Page last updated at 11:19 GMT, Wednesday, 17 June 2009 12:19 UK
UK jobless total climbs to 2.4m

The view from a job centre in Wolverhampton

UK unemployment rose to 2.261 million in the three months to April, the highest since November 1996, the Office for National Statistics said.

The jobless rate rose to 7.2%, the highest since July 1997.

The number of people claiming unemployment benefit rose by 39,000 in May, less than the 60,000 which had been forecast by analysts.

Young people have been hard-hit by the recession, with the unemployment rate for 18-24 year olds now at 16.6%.

The claimant count rate rose to 4.8%, the highest since November 1997.

Average earnings rose 0.8%, more than expected, in the three months to April, the ONS said.

This reflects the timing of bonus payments in the financial services sector, it said.

The number of people in work fell by 271,000 over the three months to 29.11 million, the biggest quarterly drop since comparable records began in 1971.

The number of vacancies fell from 659,000 in May 2008 to 424,000 in May this year - a 35.6% drop.

Youth problems

By Martin Shankleman, Employment Correspondent
These latest figures highlight how the jobs market is continuing to deteriorate as the recession bites.

Many of the "new" unemployed are likely to be casualties of the slump, those who have lost their jobs as companies cut back.

But they will soon be joined by a second and more worrying group, the school and college leavers, who are set to enter the jobs market at the worst possible time.

Already, 17% of people aged between 18 to 24 are out of work, and that proportion can only increase in the coming months.

Young people have been particularly hard hit by the recession. In the three months to April, 462,000 people aged 16 and 17 were in employment, 16.5% less than in the same period a year earlier.

In the same three months, 3.5m people in the 18-to-24 age range were in employment, down 4.8% from the same period a year earlier. The unemployment rate in that age group was 16.6%, the highest it has been since 1993, the TUC said.

"Youth unemployment is now at its highest rate for 15 years. And it will get worse when millions of fresh school leavers and graduates start looking for work in the coming weeks," said TUC General Secretary Brendan Barber.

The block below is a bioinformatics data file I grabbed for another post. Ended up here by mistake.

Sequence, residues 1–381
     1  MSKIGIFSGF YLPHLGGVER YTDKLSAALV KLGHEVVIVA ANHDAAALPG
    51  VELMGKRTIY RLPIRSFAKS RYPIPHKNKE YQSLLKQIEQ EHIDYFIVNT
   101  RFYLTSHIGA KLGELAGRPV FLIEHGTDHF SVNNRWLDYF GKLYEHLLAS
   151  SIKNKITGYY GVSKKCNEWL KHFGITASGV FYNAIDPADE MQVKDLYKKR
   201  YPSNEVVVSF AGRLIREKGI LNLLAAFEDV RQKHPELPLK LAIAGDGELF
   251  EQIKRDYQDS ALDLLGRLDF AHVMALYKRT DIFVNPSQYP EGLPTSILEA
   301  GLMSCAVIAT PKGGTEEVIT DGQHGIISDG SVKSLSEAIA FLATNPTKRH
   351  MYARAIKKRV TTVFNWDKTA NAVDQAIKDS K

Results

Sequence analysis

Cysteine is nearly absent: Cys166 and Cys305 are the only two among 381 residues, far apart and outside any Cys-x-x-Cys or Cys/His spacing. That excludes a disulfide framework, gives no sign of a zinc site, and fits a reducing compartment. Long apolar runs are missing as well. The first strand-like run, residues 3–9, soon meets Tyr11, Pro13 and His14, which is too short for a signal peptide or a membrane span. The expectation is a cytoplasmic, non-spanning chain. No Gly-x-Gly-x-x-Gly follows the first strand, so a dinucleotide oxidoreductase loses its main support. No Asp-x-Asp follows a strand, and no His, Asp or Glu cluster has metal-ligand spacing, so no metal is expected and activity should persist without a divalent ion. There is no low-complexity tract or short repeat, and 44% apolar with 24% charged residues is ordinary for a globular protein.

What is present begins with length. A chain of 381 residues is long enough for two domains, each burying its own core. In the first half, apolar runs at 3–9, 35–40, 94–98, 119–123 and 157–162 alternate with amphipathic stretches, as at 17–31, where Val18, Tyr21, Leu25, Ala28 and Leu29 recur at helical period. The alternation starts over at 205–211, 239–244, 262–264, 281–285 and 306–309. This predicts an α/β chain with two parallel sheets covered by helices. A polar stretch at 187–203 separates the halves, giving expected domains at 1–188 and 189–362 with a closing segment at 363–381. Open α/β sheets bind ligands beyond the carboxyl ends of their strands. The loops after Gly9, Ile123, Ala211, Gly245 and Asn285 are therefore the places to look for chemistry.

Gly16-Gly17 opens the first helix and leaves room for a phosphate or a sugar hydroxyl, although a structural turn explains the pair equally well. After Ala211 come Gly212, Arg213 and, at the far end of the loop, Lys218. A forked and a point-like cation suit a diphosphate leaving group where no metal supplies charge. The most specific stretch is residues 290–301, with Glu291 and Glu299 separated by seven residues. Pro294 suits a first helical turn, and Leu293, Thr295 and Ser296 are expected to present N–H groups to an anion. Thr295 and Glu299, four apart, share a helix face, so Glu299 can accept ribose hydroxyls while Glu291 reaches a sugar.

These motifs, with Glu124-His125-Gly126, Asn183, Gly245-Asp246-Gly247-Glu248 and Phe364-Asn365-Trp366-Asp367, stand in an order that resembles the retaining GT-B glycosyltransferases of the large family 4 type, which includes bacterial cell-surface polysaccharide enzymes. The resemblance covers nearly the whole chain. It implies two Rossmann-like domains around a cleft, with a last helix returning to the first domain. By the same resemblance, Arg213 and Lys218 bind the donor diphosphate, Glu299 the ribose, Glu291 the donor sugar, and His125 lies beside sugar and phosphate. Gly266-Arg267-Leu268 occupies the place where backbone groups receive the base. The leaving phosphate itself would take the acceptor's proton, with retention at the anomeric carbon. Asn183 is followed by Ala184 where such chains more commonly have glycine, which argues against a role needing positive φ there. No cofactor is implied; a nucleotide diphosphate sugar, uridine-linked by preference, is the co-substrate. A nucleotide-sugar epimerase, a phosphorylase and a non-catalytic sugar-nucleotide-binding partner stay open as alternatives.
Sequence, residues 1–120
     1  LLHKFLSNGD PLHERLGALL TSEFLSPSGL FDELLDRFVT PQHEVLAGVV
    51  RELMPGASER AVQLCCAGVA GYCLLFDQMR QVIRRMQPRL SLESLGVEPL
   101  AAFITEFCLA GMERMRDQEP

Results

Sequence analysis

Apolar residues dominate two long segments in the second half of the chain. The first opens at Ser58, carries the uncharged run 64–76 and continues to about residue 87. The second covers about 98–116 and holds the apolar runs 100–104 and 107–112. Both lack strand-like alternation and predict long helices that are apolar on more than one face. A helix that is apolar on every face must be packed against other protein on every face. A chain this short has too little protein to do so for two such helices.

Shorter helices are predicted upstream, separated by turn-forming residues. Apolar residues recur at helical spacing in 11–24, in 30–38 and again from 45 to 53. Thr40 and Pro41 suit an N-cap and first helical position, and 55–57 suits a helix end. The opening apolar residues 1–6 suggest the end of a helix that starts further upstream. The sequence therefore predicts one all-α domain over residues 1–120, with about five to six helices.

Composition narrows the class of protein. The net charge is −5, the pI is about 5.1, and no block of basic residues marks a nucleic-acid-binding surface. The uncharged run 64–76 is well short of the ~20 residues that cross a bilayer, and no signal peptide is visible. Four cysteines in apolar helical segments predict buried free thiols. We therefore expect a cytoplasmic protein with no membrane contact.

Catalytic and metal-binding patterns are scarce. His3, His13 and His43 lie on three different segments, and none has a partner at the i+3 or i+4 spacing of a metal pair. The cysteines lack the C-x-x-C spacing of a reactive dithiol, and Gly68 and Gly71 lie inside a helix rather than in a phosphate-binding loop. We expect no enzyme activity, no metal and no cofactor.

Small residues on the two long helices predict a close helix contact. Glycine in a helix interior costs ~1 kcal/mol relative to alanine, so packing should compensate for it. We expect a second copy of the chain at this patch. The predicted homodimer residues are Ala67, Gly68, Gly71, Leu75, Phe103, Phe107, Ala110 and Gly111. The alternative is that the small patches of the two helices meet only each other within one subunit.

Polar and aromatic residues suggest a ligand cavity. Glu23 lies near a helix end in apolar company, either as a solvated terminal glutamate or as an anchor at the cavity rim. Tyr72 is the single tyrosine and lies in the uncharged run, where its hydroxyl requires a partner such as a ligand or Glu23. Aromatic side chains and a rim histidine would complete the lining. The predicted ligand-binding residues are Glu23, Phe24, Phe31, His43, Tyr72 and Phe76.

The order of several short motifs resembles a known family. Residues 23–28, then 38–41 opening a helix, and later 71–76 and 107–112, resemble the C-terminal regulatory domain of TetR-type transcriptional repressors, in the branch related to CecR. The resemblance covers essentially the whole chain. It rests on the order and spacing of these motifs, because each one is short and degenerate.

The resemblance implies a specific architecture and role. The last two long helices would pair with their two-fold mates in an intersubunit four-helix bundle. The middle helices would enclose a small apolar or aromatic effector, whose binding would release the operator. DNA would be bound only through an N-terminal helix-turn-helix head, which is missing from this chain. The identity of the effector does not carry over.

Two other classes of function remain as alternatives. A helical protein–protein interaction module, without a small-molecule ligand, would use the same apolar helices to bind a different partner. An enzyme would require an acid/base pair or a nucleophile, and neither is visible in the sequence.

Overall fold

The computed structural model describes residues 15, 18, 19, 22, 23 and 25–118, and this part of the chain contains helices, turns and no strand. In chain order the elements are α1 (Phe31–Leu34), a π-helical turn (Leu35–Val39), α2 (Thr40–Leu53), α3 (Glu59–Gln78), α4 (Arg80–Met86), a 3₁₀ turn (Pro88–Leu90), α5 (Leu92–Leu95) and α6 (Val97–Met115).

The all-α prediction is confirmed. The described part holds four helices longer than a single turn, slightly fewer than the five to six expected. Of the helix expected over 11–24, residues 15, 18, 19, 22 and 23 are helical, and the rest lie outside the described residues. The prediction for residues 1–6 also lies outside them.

"Young people are experiencing labour difficulties, which will intensify over the summer as this year's school and college leavers enter the labour market," Nigel Meager, director of the Institute for Employment Studies, said.

The number of men and women of retirement age - plus 65 for men or plus 60 for women - in employment rose by 2.6% in the same period from a year earlier, the only age group to register a rise.

Green shoots?

Analysts welcomed the data, but said it was too early to hail it as a turning point in the recession.


David Kern, chief economist at the British Chambers of Commerce, said: "These jobless figures are slightly better than feared, but the overall situation remains grim... It is much too early to talk about the end of recession and it is important not to withdraw the policy stimulus before there is firmer evidence that the economy has stabilised."

"We are certainly moving in the right direction and this is one of a number of very encouraging signals that we have seen," said Alan Clarke, UK economist at BNP Paribas.

However, he added: "The economy may actually start to expand, but it won't be very fast... and until the economy is growing in line with its long-term average we will continue to lose jobs and we will continue to see downward pressure on wages."

"It's better than expected. It is is probably still too soon to conclude that we have reached any turning point, but it is moderately encouraging," said Ross Walker, the UK economist at RBS Financial Markets.

Philip Shaw, the chief economist at Investec, said: "Once again, unemployment figures show a smaller-than-expected rise in the jobless total, which is good news."

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